Frontier Development’s latest expansion, for Jurassic Park Evolution, their dinosaur park management game, entitled Return to Jurassic Park, adds a bit of nostalgia for long-time fans.
The inclusion of the original 90s-era Jurassic Park has been the most requested feature by fans of Frontier’s Jurassic World: Evolution. With Return to Jurassic Park players get exactly what they wished for.
Set after the original 90s films, Return to Jurassic Park has the original team of Alan Grant, Ian Malcolm, Ellie Sattler and John Hammond returning to Isla Nublar to restore Jurassic Park so that it can be reopened.
Sam Neill, Laura Dern and Jeff Goldblum return to voice their characters from the original film. John Hammond’s part is played by another voice actor as Sir Richard Attenborough sadly passed away in 2014.
Over the past two years since its original release, Jurassic Park: Evolution has developed into an immensely engaging park management simulator. Like many players, I’ve long since left the campaign modes, instead, I’ve been building my own parks in the sandbox mode.
Returning to a structured story campaign was a challenge. Whilst the acting and story is good, some of the missions are a bit tiresome, and reminding me of some of the pathing issues that are still present in the game. I would have gobbled up Return to Jurassic World if it had been released a year or so ago. Right now, though, it was like starting the game from scratch.
The expansion starts with a brief visit to Isla Nublar to see exactly what sort of a state it’s in. Then it’s off to The Lost World’s Site B on Isla Sorna. Here players need to sort out the dinosaur hatching facilities and start looking for new dinosaur DNA fragments to build up the species genomes.
With Site B up-and-running the game returns players to Isla Nublar to rebuild Jurassic Park, restock it with dinosaurs and get it ready for visitors. It is here that the rest of the new campaign is played.
As with the main campaign, the game progresses by completing mission tasks. There are also optional contracts with their own rewards, and these continue after the last mission has been completed, allowing players to continue to engineer and develop their park. Completing these contracts, assigned by the characters in the game, also unlocks research options for additional upgrades.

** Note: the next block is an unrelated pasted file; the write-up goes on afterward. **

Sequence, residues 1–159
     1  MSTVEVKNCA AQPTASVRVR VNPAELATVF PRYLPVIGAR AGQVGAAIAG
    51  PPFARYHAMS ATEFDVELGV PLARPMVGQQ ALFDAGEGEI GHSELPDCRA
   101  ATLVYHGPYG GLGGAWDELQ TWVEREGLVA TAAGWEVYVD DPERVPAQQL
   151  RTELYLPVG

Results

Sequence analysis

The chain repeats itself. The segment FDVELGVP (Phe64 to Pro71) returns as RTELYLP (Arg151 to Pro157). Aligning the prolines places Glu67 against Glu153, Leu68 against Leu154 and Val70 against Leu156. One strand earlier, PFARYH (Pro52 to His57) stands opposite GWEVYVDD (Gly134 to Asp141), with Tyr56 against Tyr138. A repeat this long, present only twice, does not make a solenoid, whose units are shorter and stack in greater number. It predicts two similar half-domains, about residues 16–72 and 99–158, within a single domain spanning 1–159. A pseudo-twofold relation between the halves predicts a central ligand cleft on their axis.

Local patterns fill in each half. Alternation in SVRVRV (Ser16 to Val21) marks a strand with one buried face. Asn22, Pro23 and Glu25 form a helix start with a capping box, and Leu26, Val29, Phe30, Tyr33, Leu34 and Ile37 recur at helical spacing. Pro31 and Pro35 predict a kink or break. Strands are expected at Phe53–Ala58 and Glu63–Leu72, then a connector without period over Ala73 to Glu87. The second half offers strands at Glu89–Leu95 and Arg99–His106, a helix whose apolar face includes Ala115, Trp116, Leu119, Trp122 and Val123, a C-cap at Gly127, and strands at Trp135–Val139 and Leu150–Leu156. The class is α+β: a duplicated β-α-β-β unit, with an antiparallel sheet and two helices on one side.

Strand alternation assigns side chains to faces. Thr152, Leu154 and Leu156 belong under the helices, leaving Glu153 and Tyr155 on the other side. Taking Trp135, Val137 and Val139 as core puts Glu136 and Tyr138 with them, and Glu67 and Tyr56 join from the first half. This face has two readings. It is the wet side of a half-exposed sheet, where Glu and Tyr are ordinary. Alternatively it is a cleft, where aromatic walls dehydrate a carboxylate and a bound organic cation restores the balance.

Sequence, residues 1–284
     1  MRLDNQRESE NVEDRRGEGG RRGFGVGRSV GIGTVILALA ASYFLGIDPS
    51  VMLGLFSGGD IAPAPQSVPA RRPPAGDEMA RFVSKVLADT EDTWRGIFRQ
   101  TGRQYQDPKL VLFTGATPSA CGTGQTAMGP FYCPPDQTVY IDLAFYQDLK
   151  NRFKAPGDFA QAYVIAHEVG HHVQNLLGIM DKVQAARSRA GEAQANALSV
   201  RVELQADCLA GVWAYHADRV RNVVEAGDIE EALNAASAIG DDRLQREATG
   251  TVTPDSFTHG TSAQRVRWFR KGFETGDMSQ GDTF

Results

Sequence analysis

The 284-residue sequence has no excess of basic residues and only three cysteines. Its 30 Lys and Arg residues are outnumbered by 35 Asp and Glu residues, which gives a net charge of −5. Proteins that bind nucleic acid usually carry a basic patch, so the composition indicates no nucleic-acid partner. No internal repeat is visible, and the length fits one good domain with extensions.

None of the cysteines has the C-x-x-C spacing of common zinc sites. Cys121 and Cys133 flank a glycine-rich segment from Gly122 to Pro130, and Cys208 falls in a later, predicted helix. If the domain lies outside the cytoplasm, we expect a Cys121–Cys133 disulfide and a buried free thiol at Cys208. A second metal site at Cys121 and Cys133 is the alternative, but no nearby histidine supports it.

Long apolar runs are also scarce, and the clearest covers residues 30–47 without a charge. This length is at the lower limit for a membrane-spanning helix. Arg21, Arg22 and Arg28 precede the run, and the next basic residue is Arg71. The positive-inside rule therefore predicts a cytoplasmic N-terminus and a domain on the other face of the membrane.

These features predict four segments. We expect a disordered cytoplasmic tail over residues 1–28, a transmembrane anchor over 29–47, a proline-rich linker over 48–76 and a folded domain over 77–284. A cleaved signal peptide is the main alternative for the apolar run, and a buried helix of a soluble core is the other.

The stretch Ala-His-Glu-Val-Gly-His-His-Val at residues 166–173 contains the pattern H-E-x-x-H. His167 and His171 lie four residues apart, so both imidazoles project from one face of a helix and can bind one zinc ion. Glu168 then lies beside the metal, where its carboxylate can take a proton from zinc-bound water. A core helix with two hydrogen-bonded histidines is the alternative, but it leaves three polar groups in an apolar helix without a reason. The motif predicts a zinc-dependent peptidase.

The gameplay is the same as the main campaign. It revolves around juggling a number of jobs that all need to be kept on top of. There’s a bit of basic housekeeping whereby rangers must be tasked with filling up feeders, administering medicine, repairing fences and tranquilising escapees. There’s also deceased dinosaurs that need to be helicoptered out, as well as arranging the return of aforementioned tranquilised escapees to their correct enclosures.
Many buildings and facilities need to be researched prior to use. Some of these are only unlocked after completing certain main missions and contract tasks. This can be a little frustrating if you’ve got used to playing in the sandbox. As a reward for completing the expansion campaign, though, you do get access to 1993 versions of both Isla Nublar and Isla Sorna.
Expeditions need to be sent out in order to dig up new dinosaur DNA. The samples then need analysing to build the dinosaur genomes. Dinosaurs need to be incubated off-site and transported to their enclosures when ready.
Even though the mechanics are quite simplistic, there’s a lot going on that needs a fair amount of micromanagement. Take your eyes of the ball and you’ll have diseased dinosaurs infecting the whole herd as well as smashing fences and running amok.
Once the park is opened, not only do you need to look after your stock of dinosaurs, but you also need to look after your visitors. The people need hotels, places to shop and places to eat. There are is also the park tour to maintain and keep an eye else a rowdy dinosaur decides to attack the safari cars.
Visually, Return to Jurassic Park is as stunning as the main game. The 90s-style buildings and a livery are very nostalgic. This is one for the fans more than anything, as the DLC doesn’t really add anything to the gameplay (indeed, it takes a bit away- to be in keeping with the original Jurassic Park). The use of the available actors from the original movies is also a nice touch.
If anything, Return to Jurassic Park is a good reason to dust off your copy of Jurassic World Evolution, if you are a lapsed player. If you’ve not stopped playing the game since release, this DLC is a no-brainer.